Feliz HanuKwanzMas
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I love Christmas.  Always have.  Once when I was a kid, I actually cried when it was over, thinking it would never happen again.  As a teenager, I fell in love with my first boyfriend in December, and that particular Christmas was, to this day, one of the best I ever had.  So much gets wrapped up into the sentimentality of the occasion.  The smell of pine trees, cinnamon, oranges and too-pungent potpourri all bring back strong memories of holidays past. 

One year, my sisters and I got a little brother for Christmas.  He had been born a few days before, and my grandmother (who always magically arrived a few days before a new sibling) got us out of bed that morning, and said we had to get dressed before we opened our presents, because dad was bringing home mom and the baby.  Well, when you're 6, and Santa had just made his usual gift dump under your tree, the last thing we wanted to do was put on our nice dresses (yes, they matched) and comb our hair.  But we did. 


As you can see from our expressions, we were, well, distracted by toys and less than enthusiastic about this odd, pink gift that cried all the time.  But we kept him.  He turned out to be an OK guy, in spite of the fact that he had 4 sisters. 

Now I share my life and my home with a Nice Jewish Guy from Long Island, who doesn't hold Christmas in quite as high esteem as I do.  He does understand that there WILL be gifts, and time off from work, and lots of good food and spirits.  But still, at  least once each fall, he says "What day is Christmas THIS year?"  (It's not like Hanukkah, which can fall on a different date each year.)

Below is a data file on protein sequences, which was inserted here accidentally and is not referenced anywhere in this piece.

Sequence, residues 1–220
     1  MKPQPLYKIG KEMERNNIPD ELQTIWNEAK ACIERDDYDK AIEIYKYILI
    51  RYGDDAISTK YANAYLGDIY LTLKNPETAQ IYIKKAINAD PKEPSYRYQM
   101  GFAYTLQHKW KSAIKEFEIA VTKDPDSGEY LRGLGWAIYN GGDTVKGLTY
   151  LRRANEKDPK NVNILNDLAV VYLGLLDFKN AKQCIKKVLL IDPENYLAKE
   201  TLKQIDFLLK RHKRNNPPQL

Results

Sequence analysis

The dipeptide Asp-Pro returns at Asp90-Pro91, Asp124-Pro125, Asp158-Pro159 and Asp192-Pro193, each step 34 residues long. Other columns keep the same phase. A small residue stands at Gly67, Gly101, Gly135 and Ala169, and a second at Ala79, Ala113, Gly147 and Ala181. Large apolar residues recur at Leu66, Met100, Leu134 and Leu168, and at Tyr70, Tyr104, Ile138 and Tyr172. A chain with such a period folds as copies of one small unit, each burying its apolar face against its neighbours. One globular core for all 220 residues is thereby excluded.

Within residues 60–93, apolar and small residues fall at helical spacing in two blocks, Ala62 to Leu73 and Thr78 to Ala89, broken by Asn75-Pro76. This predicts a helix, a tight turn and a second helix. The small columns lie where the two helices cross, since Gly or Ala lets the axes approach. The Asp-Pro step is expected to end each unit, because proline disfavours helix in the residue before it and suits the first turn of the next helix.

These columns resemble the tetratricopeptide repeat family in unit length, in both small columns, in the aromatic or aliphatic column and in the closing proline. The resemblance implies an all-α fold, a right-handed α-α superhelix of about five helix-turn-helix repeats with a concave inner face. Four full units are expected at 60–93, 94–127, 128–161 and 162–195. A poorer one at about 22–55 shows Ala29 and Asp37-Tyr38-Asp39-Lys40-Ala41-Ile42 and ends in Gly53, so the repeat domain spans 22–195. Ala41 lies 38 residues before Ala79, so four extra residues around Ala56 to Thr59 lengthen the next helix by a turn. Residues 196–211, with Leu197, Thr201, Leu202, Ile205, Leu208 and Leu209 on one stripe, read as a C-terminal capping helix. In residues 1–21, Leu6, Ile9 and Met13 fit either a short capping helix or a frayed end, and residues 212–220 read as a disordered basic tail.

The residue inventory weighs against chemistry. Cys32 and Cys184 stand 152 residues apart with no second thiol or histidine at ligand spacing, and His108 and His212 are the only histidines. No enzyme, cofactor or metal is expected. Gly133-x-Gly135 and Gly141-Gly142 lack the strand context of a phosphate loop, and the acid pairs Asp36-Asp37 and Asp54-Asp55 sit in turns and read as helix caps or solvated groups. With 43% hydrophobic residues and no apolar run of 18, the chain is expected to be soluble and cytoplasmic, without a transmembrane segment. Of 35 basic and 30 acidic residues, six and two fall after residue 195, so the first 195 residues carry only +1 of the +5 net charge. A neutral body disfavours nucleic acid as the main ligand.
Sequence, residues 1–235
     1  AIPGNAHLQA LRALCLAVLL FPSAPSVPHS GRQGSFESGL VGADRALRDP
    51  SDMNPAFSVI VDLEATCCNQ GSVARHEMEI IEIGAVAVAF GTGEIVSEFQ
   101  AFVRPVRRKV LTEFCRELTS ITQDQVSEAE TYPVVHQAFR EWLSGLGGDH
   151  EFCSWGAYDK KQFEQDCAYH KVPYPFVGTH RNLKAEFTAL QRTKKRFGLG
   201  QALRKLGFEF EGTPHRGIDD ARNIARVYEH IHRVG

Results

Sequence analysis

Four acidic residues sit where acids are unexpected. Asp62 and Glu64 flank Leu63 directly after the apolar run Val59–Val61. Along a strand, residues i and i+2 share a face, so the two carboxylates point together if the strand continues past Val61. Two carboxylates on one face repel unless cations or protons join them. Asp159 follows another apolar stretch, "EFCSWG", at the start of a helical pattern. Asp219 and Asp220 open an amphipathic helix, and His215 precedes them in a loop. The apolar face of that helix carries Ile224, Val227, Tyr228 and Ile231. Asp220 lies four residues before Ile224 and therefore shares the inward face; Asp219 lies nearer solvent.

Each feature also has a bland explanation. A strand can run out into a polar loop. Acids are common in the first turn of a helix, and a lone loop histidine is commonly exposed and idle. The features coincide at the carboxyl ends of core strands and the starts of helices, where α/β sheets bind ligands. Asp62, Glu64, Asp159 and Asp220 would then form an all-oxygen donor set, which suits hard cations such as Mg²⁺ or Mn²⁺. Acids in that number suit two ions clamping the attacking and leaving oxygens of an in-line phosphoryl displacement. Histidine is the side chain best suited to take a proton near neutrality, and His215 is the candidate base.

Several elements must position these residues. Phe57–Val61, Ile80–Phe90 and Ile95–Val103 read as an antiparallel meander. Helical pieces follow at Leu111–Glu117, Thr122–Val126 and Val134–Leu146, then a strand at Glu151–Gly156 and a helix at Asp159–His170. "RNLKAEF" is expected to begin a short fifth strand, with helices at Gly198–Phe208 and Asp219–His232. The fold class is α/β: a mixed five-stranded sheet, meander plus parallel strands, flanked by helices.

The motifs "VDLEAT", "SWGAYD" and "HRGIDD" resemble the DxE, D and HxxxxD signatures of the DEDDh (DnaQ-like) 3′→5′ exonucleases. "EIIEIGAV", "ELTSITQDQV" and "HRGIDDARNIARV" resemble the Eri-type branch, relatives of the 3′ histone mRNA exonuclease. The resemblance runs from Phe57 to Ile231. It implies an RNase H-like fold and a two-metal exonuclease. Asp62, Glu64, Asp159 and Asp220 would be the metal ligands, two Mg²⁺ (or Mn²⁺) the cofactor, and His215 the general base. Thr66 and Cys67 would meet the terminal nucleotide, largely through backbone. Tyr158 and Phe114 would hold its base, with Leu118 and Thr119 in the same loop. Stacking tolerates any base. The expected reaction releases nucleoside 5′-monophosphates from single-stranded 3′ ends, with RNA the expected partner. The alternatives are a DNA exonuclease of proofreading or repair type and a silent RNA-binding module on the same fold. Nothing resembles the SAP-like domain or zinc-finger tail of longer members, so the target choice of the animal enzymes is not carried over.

Every year there is The Conversation.  "You can have a Christmas tree if you want one ... but it has to be cat-proof, and not get dry and drop needles, and not set the house on fire ..."  Yadda x 3.  A few years ago we strung lights on a large schefflera plant we had brought in from the unusually freezing weather.  But it wasn't quite the same thing.  And the addition of Elvis, a rambunctious, curious tom kitten-cat to the clan has made ornament-safety a higher concern.  So this year, I found LED-lit, pre-fabricated branches and fashioned a non-drying, cat-friendly, table-top version that does everything but smell like Christmas.  It does come with the soundtrack from "A Charlie Brown Christmas" however.  Get festive, my friends. 


winter
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Complaining about the weather is like barking at the moon.  Lots of noise.  Predictable results.  So while my friends and family are  slogging through sleet and slush up north, I feel fortunate that here along the Gulf Coast we've had only a few, brief, cold snaps.  That said, we are mindful that 14 months ago we had a sudden hard  freeze here (while we were on vacation and unable to protect the plants)  that resulted in the demise of much of my favored folaige.  That's why we now have the Greenhouse effect.